Equipment and Processing

Scope and Mount

Most of the older images (1998 and 1999) on my site were taken with an Optical Guidance Systems 12.5 inch RC Cassegrain. The newer images (year 2000 and later) were taken with either the replacement for the Optical Guidance scope, an RC Optical Systems 12.5 inch RC Cassegrain or it's even newer replacement, a 14.5 inch RC Cassegrain (also made by RCOS). Other images may have been taken with with a Takahashi FS128 apochromatic refractor or it's replacement, an Astro-Physics AP155 refractor. I have also recently started using a Takahashi FSQ106. A few wide-field images were done with various camera lenses. The RC scope is mounted on an heavy duty AstroPhysics 1200GTO computer controlled mount. The Takahashi/AP155 were/are mounted on it's smaller brother, the AstroPhysics 900GTO. A picture of these systems can be found here.

Camera, Filter Wheel, and Computer

Many of my newer images use the SBIG ST10E camera or the large format SBIG 11000M. These cameras are "self-guiding" in that they send guiding corrections to the mount during an image exposure. These are connected to a desktop PC inside my imaging office where the images are collected using Cyanogen's MaxImCCD. I also used to have a Finger Lakes Instruments "Dream Machine" camera based on a Tektronics (similar to SITe) CCD chip. This was an incredibly sensitive camera, although not a self-guiding unit. I used the dream machine mainly for the color portions of images where it did very well owing to it's sensitivity. I recently sold the dream machine due to poor customer support. For a comparison of the efficiency of the imaging chips, I have prepared a QE comparsion.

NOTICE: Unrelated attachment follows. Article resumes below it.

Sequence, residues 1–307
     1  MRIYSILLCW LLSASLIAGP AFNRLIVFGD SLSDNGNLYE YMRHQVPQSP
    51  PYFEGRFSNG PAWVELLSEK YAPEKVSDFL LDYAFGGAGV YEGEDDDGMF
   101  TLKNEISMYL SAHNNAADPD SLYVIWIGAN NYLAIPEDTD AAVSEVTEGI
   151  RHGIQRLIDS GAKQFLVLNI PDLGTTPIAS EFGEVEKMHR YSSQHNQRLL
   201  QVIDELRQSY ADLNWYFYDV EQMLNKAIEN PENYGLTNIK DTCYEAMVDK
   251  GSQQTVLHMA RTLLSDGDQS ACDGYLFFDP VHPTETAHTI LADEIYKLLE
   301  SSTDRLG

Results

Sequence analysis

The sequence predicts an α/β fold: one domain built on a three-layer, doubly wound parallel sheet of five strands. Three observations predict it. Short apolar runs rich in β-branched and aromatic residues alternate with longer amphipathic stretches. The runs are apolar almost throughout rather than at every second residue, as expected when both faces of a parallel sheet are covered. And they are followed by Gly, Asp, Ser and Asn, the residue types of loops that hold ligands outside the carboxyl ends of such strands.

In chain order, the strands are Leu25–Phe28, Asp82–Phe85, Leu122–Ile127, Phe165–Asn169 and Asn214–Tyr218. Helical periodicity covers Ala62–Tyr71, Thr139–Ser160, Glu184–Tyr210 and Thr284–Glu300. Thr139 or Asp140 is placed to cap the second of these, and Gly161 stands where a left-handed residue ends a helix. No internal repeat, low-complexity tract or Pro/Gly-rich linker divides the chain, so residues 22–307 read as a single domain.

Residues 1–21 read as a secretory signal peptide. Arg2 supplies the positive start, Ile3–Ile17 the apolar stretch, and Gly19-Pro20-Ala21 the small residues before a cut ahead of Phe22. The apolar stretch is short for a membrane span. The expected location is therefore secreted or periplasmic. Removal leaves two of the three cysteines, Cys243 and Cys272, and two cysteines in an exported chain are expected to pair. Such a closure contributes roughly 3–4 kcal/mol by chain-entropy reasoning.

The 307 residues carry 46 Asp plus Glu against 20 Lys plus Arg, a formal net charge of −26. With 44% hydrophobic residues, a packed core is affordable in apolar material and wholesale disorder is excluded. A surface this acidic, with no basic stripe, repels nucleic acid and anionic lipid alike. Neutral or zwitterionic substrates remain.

Color Images

Each color image consists of Red, Green, and Blue color components and (usually) a greyscale luminosity component. This technique is called "LRGB" as described in my "Simple Guide to LRGB". Most images were also processed with "DDP" the "Digital Development Process" which was invented by Kunihiko Okano, the excellent Japansese imager.

As mentioned in the guide, processing was done with Adobe Photoshop as well as various astronomical image processing programs including Axiom Research's MIRA A/P, and Cyanogen's MaxImCCD. Many of the mosaics were registered using RegiStar from Auriga Software.

Use of Images for Science

Anyone considering use of my images for scientific purposes should be aware that the images seen here are not raw data and have been subjected to non-linear processing and esthetic editing. If you wish the raw data, I may be able to provide you with the raw frame(s), depending on the age of the image.

Observatory Site

Images were taken at our cooperative ARGO observatory in central Oregon's high desert and more recently at the nearby Raptor Ridge Observatory.

Advice for Beginners

Want to get into CCD imaging? See my advice for beginners page.


These pages created and maintained by William McLaughlin
All images copyright William McLaughlin

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